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Lawmakers Seek To Undo 'Roadblocks' To Revising I-77 Tolls Contract

State lawmakers from the Charlotte area have filed a bill they say would remove legal "roadblocks" to re-negotiating the contract for toll lanes on Interstate 77.

Those roadblocks are two provisions that Republicans added to the 2018-19 state budget bill. One requires the governor to notify the legislature 60 days before canceling or changing the $670 million contract with I-77 Mobility Partners, a subsidiary of Spanish construction giant Cintra. The other says the governor must get legislative approval for any financial penalties or settlements.

State Sen. Natasha Marcus said lawmakers specifically targeted the I-77 project in the budget bill.   

[Related Content: NCDOT Continues To Study Options In I-77 Toll Lanes Project]

"It addresses this contract and this contact only. And specifically takes away the governor's authority to renegotiate or find funds to renegotiate this contract," Marcus said at a press conference Monday near I-77 in Cornelius.

Marcus was surrounded by toll opponents carrying signs like "Tolls R Bad 4 Business" and "Cintra Sucks Money Out of the Economy." With her were Rep. Christy Clark and Rep. Chaz Beasley, both Mecklenburg County Democrats, and Vickie Sawyer, a Republican state senator from Iredell County.

The four lawmakers say they still have a lot of work to do to convince legislative leaders to support the bill, specifically state Senate Leader Phil Berger.

One local official at the event was Cornelius town Commissioner Kurt Naas, who founded the anti-toll group Widen I-77. He said he supports any efforts to cancel the contract.

Asked if he's confident in this bill's chances, he said: "No." Then, after a long pause that left reporters hanging, he pointed a finger at Berger: "Unless we change the leadership in the state Senate, that's where the roadblock is."

Beasley said he's worried the state could end up owing money on the privately-funded project if the contractor defaults on its debt.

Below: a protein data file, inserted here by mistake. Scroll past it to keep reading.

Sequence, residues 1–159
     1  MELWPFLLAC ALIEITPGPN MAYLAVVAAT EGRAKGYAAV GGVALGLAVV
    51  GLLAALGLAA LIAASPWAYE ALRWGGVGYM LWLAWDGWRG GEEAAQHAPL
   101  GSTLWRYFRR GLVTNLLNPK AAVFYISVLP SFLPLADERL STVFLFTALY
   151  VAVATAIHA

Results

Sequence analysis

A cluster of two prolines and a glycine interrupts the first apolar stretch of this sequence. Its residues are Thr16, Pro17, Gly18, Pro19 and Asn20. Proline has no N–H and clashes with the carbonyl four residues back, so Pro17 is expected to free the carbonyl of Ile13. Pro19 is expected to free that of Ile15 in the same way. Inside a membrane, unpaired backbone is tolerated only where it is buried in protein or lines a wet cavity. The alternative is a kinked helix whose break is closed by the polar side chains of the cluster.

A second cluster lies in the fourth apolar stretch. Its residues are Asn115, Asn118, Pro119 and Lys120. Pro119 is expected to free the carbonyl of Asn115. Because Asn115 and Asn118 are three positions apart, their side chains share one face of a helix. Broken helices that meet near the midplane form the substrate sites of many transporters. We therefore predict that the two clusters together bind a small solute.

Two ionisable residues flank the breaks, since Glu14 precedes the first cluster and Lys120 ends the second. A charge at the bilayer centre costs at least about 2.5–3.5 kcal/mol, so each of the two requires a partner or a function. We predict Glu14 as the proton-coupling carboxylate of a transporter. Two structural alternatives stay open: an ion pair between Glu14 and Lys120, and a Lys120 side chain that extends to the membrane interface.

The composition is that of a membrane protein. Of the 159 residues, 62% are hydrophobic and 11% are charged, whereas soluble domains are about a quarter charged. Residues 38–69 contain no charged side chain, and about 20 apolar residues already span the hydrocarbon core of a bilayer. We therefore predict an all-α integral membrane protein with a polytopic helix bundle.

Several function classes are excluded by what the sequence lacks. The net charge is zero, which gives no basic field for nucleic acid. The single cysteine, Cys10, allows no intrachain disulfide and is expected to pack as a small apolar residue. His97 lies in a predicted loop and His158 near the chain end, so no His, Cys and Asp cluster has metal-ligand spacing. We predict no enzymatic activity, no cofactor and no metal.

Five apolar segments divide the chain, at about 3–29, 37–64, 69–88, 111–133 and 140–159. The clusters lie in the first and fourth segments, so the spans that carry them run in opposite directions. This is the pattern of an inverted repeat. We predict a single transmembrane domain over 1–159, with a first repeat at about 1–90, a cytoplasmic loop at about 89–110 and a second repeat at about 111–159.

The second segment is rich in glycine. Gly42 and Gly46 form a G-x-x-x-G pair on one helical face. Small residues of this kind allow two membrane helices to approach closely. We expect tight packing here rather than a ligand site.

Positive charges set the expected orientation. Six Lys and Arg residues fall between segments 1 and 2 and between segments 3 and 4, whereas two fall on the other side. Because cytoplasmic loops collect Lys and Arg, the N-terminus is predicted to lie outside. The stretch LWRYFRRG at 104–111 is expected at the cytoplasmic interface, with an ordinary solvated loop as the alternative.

"What we're also trying to make sure is that we stop this project before it becomes more expensive for the people of North Carolina," said Beasley, who announced last week that he's running for lieutenant governor.

The I-77 Express Lanes from Charlotte to Mooresville have been under construction for four years. Two lanes in both directions will run between the Brookshire Freeway (I-277) in Charlotte to Exit 28 in Cornelius, and one lane in both directions will run between Cornelius to Mooresville.

Contractor I-77 Mobility Partners has said the northern section from I-485 north to Mooresville will open later this spring. The lanes between I-485 and uptown Charlotte are supposed to open by the end of October.  

An advisory group of Lake Norman business and elected leaders has urged the North Carolina Department of Transportation to cancel or change the contract. One idea is to convert one toll lane to a free lane.

NCDOT officials already have begun negotiations on other, less significant changes. Those include allowing trucks to use the toll lanes and creating a toll rebate program for frequent users.  The DOT hopes to submit those proposed changes to the legislature this summer.   

State officials have estimated it could cost millions of dollars to alter anything in the contract that reduces the contractor's revenues, and hundreds of millions of dollars to cancel it entirely.   The House and Senate both passed versions of a bill last June to pay for canceling the contract, but it died when they couldn't agree on differences.  

The toll lanes will be managed by the N.C. Turnpike Authority, a division of NCDOT. In a statement Monday, spokeswoman Carly Olexik said: “We will follow this bill as it moves through the process. In the meantime, we will remain focused on improving this contract to respond to the needs of the people of north Mecklenburg County.”


House Bill 441 (also Senate Bill 348) on www.ncleg.gov

2018-19 state Budget Bill on NCLeg.gov (See section 34.11, "Comprehensive Agreement Cancellation or Modification.")

David Boraks is a veteran journalist who covers climate change for WFAE. See more at www.wfae.org/climate-news. He also has covered housing and homelessness, energy and the environment, transportation and business.